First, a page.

After the war he founded the Higher School of Visual Arts in Lodz along with his estranged wife, sculptress Katarzyna Kobro with whom he has a child, Nika (Zamachowska) with whom he has a relationship that can best be described as guarded. He is teaching eager students that essentially worship the ground he walks on, particularly Hannah (Wichlacz) whose hero-worship might be deepening into something else.

His life is about to turn upside down however. The Soviet state wants art to serve the people and thus wants a style more in line with social realism; Strzeminski has been a champion throughout his career of modernism. When he refuses to adapt his style to Soviet demands, he is fired from the school he founded. Slowly rights and privileges are stripped away from him; his membership in the artist’s trade union is rescinded, meaning he can’t buy art supplies. He attempts to work a menial job essentially painting huge banners of Stalin and other communist icons.  When he is denied even this, he is unable to provide for himself. Most of his art has been taken down from the museums where they have hung for in some cases for 20 or 30 years; he is slowly starving to death and it is a race whether he will meet that fate or whether the tuberculosis which has been exacerbated by his nearly constant smoking will kill him first.

Wajda is one of Poland’s national treasures, a director with a six decade career that have created some amazing films although he remains not well known in the States other than to film buffs. He has an artist’s eye for color and design; his images are often far more than they appear to be, such as when a frustrated Strzeminski flails at store mannequins he’s been hired to dress which symbolizes art flailing away at the commercial.

He is buoyed he by Linda, one of Poland’s most respected actors who plays Strzeminski with a certain dichotomy of often contradictory characteristics; he is an amazing teacher devoted to his students but he dismisses his daughter to an orphanage with a curt “She will have a hard life” by way of explanation. When Hannah declares her feelings for him, he reacts with a stoic “That’s unfortunate” and with two words absolutely destroys her world, and she was one of the few that stuck with him to the very end.

The film posits the question “What does the artist owe more responsibility to, the people or himself?” It is clear which side Wajda was on. I’m not sure I agree completely with him but the man has earned the right to make his stance crystal clear.

The production design ranges from sleek and modern to dingy and colorless. The further Poland falls into Soviet control, the grayer the settings get. Soon the entire city of Lodz becomes dystopian, moving from beautiful European metropolis to soulless Soviet city where conformity is the rule of the day.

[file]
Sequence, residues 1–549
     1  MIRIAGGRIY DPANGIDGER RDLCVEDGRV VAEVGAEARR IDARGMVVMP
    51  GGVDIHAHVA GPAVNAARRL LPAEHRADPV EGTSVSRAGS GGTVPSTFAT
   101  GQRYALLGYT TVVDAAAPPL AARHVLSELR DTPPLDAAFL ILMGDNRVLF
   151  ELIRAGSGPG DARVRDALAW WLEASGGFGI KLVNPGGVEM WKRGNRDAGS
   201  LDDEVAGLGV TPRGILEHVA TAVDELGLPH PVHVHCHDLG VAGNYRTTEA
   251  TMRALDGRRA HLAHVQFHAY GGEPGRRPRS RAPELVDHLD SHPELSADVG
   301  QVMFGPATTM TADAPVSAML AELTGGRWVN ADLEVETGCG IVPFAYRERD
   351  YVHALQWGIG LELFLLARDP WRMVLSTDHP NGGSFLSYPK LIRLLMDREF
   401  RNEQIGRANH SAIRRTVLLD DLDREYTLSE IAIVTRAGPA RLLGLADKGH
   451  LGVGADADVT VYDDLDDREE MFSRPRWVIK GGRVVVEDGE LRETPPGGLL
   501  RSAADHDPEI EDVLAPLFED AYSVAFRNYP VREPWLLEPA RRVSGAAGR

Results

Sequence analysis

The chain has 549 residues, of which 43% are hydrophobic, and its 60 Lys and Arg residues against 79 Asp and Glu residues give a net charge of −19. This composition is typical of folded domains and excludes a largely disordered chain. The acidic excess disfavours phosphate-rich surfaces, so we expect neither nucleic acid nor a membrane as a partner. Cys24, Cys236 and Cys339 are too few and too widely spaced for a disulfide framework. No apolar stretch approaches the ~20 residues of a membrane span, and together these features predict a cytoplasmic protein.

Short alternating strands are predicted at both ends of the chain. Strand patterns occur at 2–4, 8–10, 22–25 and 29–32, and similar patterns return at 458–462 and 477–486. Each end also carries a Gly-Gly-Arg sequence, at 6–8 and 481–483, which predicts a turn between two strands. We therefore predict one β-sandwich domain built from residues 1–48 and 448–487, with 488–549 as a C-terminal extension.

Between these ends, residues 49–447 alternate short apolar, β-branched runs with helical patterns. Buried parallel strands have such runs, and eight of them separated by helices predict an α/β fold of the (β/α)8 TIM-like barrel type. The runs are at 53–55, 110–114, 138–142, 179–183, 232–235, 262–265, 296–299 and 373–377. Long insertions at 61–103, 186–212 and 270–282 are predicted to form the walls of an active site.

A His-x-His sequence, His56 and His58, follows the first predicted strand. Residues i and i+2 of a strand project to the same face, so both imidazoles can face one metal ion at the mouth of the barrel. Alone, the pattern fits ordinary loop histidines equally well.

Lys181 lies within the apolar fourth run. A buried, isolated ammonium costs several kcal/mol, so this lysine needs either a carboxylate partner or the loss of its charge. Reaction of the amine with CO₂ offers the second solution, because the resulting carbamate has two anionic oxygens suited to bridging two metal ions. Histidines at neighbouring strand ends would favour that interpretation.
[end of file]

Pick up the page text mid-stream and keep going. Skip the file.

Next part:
Strzeminski often reacts in inexplicable ways which are often detrimental to his own cause, but one admires the fortitude it took to stand up to a powerful and ruthless government that recognizes no other way than the one it endorses which sounds vaguely familiar these days. For those who are big fans of Wajda as I am, this won’t be disappointing. For those who are looking for an introduction to his work it’s one of his best – maybe his very best. The themes he tackles here are pretty much standard for him although the movie is a little bit more mainstream than most of his audience is used to. This is a marvelous movie which you should keep an eye out for once it gets American distribution. In the meantime, look for it on the Festival circuit.

REASONS TO GO: Wajda’s use of color and design is simply amazing. Linda’s performance is more than noteworthy. A work of genius by a master of European cinema.
REASONS TO STAY: The parallels to modern society may hit too close to home for some.
FAMILY VALUES: There is some violence, drinking and smoking.
TRIVIAL PURSUIT: This is Wajda’s final film, directed at the age of 89; He died in Warsaw of pulmonary failure October 9, 2016.
CRITICAL MASS: As of 3/14/17: Rotten Tomatoes: 100% positive reviews. Metacritic: No score yet.
COMPARISON SHOPPING: Modigliani
FINAL RATING: 10/10
NEXT: When the Bough Breaks

Walt Before Mickey


“Well, that’s another fine mess you’ve gotten us into.”

(2015) Biographical Drama (Voltage) Thomas Ian Nicholas, Jon Heder, Jodie Sweetin, Armando Gutierrez, David Henrie, Taylor Gray, Ayla Kell, Owen Teague, Hunter Gomez, Sheena Colette, Jeremy Palko, Kate Katzman, Tamela D’Amico, Arthur L. Bernstein, Amber Sym, Beatrice Taveras, Conor Dubin, Timothy Neil Williams, Donn Lamkin, George Licari, Briana Colman, Maralee Thompson. Directed by Khoa Le

The name of Walt Disney is one of the most beloved and best-known names in the history of mankind. Nearly everywhere you go on God’s green Earth, everyone knows his wonderful animated features, his theme parks, his movie company and of course the mouse that started it all. Few people know, however, that before that great success that grew into a multi-billion dollar company that it is  today, Walt went through some lean times.

Disney (Nicholas) grew up on a farm in Marceline, Missouri where he felt a certain amount of affinity for animals – and also an affinity for drawing pictures on the side of the barn, something that irritated his father Elias (Lamkin) no end. When his father grew ill, the family had to sell the farm and move to Kansas City.

When the First World War broke out, Walt was too young to enlist like his brother Roy (Heder) did but he did manage to drive for an ambulance corps and was sent overseas anyway, continuing to draw whenever he could. When he came back home, his brother had contracted tuberculosis and was sent to a Veteran’s Hospital in Los Angeles to recover. Walt, having been laid off from an advertising company, decided that animated films were the wave of the future. He started his own company, Laff-o-Gram Pictures along with artist Ub Iwerks (Gutierrez) whom he met at the ad agency.